Board games that grow as you play them have become a prominent fixture in the tabletop gaming sphere. 2011's Risk Legacy, designed by Rob Daviau, was the first mainstream game to let players change the game in permanent ways by marking the board, applying stickers, and giving advantages to certain players that persisted putting the game back in the box. Now, Fantasy Flight Games is bringing something like the "legacy" model to the fan-favorite and award winning cyberpunk card game, Android: Netrunner.
Netrunner is a card game about the evil that corporations do and the shady dealings hackers must resort to to expose their agendas. _It_ was originally a collectible game designed by Magic: The Gathering designer Richard Garfield back in 1996—I remember opening my first starter deck during the dress rehearsal for my middle school graduation. But Netrunner didn't survive the collapse of the CCG market after the Magic: the Gathering boom subsided.
Over a decade later, it was licensed and adapted for Fantasy Flight's Android universe as a "Living Card Game" in 2012—instead of buying individual "booster packs," LCGs are sold in fully-packed card sets, split into small "data packs" and larger "big box" releases. Fantasy Flight Games announced this week that their newest big boxexpansion for Android: Netrunner would be a narrative campaign instead of their usual faction-based set. The campaign, Terminal Directive, will release in the first quarter of 2017.
In Terminal Directive, two players will each control a runner or a corporation and play a series of games against each other in an attempt to unravel the mystery of a serial killer who appears to be a Bioroid, the signature product of synthetic-android-producing megacorporation Haas-Bioroid .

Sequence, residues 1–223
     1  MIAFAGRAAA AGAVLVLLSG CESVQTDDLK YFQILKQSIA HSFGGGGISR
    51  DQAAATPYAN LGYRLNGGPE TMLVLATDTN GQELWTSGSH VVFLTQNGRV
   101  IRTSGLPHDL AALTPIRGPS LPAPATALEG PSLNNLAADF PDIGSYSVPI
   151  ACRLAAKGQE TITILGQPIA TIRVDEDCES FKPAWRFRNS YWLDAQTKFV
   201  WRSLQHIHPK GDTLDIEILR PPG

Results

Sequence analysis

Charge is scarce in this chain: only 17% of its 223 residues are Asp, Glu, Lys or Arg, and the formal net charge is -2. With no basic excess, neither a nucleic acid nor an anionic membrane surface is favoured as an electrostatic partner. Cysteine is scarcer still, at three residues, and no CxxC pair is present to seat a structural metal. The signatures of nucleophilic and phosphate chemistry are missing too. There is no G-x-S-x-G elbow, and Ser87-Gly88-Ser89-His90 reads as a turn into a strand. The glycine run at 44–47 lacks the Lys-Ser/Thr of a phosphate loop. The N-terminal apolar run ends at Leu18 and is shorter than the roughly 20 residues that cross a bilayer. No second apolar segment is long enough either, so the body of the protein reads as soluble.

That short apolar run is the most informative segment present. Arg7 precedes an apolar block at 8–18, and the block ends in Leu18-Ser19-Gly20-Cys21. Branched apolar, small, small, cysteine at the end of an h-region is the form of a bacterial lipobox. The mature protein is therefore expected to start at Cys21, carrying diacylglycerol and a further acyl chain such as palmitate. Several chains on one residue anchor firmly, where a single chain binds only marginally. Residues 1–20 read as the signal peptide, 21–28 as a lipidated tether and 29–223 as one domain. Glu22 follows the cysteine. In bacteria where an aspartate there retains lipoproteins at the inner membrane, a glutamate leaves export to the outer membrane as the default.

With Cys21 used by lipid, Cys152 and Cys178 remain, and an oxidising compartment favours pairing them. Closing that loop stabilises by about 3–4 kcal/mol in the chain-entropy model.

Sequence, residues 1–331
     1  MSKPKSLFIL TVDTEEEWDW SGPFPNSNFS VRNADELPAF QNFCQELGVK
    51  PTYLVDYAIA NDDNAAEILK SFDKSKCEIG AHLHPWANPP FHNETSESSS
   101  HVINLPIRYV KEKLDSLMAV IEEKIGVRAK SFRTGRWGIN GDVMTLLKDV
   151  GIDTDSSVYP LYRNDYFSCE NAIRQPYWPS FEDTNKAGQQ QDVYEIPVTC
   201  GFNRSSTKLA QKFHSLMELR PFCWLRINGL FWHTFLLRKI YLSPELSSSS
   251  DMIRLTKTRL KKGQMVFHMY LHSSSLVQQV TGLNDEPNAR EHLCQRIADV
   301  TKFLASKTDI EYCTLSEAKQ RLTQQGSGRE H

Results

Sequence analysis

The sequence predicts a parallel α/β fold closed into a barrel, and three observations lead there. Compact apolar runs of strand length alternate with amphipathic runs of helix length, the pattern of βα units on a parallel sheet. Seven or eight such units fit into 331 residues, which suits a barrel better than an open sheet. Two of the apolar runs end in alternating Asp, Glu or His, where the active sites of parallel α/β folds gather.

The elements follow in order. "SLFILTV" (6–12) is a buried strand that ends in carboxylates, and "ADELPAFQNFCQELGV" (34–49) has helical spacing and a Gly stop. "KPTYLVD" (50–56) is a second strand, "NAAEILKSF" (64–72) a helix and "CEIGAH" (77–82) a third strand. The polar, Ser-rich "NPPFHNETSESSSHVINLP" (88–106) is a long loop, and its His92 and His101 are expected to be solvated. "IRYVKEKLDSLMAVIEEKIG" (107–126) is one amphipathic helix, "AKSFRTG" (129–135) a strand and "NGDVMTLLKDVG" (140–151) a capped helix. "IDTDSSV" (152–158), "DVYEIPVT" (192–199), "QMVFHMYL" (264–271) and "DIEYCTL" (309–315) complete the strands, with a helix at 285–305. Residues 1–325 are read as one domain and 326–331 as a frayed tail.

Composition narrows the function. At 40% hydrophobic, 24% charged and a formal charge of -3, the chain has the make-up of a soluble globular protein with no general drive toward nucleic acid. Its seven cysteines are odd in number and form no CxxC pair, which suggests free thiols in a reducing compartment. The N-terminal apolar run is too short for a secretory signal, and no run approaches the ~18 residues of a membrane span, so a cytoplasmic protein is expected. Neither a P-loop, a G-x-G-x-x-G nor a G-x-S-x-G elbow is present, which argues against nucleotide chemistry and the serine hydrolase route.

Each game represents a period of investigation and winning will determine which side gets the next piece of information and how it will be used. This dynamic is represented by giving each side access to cards in sealed packs and by putting stickers on individual boards giving them new abilities or modifying existing ones influencing the action in future games.
When Risk Legacy did this in 2011, it proved exceptionally popular (allowing games of Risk to damage friendships not only for one evening but also for weeks and months into the future.) Daviau went on to make a Legacy version of the popular game Pandemic and his latest game Seafall, an attempt to make an original game with the enduring "legacy" mechanics, was an instant sell-out at Gencon, North America's largest tabletop convention.
I've been telling myself stories ever since I opened the Netrunner core set, so I'm excited to have the narrative instinct nurtured beyond flavor text and rules inserts. Every game feels like a miniature drama about a lone hacker against a giant corporation complete with allies and executives, sly tricks, brutal countermeasures, and all the other trappings of cyberpunk dystopia. Terminal Directive takes those stories that players tell themselves over the course of individual games and aims to validate them mechanically in a way I am beyond thrilled to try next year.